Originally from Boston, but as he told it, always determined to leave Beantown for the glittering lights of New York City, Stephen Mallory, ASID, indeed came a long way. He and his wife Jennifer moved to France (commuting by jet to see his U.S. clients). The chosen mise-en-scene was in deep farm country, at a big distance demographically from the fashionable glamour spots on the southern coast.
Much came to pass in the interim years. Demobbed from the army and enriched (figuratively only) with the G.I. Bill of Rights, Mallory enrolled at Parsons School of Design. Initial design experience came from working with John Gerald and Melanie Kahane; inspirational guidance was provided by Van Day Truex and Billy Baldwin, who sent many a rich and important client his way. In the mid-1950s, he teamed up with James Tillis as Mallory-Tillis Inc. In 1977, he founded his namesake firm. Two custom furniture showrooms-to-the-trade, Stephen Mallory Preferred and Domus, were among his early side-line ventures. Though highly promising, both were aborted. "I realized I was a better decorator than merchandiser," he conceded.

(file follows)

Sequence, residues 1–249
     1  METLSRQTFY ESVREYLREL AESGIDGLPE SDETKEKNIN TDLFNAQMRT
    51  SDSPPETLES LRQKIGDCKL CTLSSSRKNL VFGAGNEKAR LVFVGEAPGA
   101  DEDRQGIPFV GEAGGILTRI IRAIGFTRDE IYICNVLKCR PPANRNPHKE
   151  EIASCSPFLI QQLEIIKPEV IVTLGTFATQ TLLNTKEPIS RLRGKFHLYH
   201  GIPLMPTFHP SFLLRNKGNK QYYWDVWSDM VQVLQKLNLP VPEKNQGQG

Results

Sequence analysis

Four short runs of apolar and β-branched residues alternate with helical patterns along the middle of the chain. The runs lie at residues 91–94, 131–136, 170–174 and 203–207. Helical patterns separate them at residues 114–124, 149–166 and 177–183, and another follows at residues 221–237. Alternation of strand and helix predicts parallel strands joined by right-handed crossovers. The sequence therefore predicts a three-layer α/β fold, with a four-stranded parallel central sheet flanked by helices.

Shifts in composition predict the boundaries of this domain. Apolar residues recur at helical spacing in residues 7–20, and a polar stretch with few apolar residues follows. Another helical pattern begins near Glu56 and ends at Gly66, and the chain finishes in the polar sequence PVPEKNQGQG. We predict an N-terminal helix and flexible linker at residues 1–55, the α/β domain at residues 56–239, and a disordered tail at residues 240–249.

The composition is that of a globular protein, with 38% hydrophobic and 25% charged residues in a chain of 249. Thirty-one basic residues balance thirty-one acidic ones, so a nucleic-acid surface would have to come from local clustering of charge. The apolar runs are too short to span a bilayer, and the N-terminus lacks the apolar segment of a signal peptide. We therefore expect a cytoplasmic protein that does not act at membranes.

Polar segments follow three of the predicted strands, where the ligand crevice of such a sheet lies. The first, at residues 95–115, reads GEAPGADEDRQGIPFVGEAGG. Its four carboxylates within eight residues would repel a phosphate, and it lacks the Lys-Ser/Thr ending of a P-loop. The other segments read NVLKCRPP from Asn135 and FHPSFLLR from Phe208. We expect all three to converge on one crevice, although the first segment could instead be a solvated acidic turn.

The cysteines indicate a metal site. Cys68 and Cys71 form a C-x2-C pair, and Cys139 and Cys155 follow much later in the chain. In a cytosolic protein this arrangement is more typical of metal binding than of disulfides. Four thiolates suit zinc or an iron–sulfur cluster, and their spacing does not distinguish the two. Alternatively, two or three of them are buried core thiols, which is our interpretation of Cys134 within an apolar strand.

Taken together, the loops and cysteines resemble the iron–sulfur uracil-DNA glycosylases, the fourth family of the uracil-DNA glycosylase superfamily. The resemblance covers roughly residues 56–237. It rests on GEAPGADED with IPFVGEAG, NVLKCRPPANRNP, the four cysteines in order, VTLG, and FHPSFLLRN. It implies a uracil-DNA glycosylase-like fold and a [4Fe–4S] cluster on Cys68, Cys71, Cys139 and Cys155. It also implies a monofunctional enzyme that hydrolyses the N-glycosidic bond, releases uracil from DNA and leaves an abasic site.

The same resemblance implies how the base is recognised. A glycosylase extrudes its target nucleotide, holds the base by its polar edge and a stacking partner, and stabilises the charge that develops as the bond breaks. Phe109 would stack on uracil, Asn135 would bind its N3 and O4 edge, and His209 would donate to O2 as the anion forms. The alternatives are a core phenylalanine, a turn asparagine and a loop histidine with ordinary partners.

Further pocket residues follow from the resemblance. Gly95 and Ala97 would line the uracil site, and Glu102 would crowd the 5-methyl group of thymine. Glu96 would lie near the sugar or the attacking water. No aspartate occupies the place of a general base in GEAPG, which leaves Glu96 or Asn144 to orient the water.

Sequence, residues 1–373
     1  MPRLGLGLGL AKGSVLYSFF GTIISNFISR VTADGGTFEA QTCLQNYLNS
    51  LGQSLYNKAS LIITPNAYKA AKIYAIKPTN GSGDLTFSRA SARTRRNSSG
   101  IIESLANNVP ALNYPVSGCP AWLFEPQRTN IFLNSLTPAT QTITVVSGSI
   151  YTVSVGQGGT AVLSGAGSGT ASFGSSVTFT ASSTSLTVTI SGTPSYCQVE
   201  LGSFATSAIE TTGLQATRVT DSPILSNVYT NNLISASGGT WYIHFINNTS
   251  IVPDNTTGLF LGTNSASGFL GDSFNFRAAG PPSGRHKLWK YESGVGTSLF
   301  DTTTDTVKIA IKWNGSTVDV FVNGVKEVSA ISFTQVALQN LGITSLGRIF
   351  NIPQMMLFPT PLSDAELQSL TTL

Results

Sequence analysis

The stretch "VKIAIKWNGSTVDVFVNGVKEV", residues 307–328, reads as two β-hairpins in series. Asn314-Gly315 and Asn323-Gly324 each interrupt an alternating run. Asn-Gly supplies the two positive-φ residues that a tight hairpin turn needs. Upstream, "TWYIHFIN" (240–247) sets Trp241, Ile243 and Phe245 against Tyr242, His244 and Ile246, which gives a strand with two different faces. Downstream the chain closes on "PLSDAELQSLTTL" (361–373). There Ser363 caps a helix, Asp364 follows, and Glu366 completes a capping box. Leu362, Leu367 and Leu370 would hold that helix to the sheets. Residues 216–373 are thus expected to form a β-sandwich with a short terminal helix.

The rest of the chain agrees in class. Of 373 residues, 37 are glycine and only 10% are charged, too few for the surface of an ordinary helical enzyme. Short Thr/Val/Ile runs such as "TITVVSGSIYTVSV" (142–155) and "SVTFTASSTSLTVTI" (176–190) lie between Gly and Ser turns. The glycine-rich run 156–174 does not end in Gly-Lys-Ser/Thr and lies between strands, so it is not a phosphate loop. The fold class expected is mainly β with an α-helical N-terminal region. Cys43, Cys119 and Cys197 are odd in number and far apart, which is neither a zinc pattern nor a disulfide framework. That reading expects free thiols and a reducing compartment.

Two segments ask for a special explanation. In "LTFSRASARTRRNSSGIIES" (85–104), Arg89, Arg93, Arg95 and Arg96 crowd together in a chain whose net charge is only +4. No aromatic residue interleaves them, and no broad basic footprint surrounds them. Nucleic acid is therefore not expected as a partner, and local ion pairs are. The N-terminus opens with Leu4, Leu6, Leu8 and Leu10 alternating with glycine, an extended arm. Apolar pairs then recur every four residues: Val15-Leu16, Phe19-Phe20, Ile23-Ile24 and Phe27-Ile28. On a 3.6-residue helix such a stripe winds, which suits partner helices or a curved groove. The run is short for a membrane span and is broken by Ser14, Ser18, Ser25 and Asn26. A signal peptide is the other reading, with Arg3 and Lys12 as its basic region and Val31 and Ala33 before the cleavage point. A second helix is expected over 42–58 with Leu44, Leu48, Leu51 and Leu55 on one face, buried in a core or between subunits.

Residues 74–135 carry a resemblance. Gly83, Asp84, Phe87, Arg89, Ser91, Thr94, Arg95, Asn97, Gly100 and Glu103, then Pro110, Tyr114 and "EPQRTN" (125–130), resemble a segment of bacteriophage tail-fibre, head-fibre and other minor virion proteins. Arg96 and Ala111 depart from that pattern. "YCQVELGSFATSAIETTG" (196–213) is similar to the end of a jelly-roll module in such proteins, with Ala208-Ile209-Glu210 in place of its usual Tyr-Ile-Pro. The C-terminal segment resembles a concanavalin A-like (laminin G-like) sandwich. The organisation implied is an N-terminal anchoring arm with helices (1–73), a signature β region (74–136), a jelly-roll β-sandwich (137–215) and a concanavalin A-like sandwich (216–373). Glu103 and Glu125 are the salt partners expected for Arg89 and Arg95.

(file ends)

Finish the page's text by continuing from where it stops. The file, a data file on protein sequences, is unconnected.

Mallory then concentrated on residential work. He exceled at honoring the wishes of his clients, many of them sparking instant name recognition, and most returning for more jobs here and abroad – without bending his standards of taste and style. He believed in simplicity and favored a neutral palette punctuated with artworks and small doses of pattern. Fussy florals, aggressive rug designs and overly elaborate window treatments did not appeal to him; he described his preferred approach as more severe. Only once did he compromise, if not capitulate, and that happened right under his own roof. In the design of Mallory's Manhattan townhouse, the lady of the manor was allowed to have the last word. The ensuing look, in the words of the master, was gentle and soft.